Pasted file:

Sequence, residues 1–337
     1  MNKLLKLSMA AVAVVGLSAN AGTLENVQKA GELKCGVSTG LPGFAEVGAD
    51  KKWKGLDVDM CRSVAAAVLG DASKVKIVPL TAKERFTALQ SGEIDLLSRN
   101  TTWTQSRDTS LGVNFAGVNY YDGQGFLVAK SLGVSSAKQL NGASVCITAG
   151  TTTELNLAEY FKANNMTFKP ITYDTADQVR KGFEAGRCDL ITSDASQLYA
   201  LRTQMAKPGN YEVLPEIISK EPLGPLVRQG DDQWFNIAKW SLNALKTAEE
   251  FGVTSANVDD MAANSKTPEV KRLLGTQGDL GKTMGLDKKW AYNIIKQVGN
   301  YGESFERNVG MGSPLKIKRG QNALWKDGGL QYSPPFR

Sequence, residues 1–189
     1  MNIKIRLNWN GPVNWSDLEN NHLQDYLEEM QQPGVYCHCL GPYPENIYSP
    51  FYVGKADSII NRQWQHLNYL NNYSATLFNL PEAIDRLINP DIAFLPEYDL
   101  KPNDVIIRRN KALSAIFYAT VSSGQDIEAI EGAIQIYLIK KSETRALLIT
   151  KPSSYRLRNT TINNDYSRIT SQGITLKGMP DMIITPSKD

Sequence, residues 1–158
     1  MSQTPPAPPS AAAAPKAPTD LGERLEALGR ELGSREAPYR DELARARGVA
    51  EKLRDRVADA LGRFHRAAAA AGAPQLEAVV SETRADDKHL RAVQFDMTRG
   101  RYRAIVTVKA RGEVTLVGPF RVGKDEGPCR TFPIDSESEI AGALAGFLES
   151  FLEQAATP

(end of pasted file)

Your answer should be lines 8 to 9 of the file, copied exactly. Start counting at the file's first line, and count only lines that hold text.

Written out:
   301  YGESFERNVG MGSPLKIKRG QNALWKDGGL QYSPPFR

Sequence, residues 1–189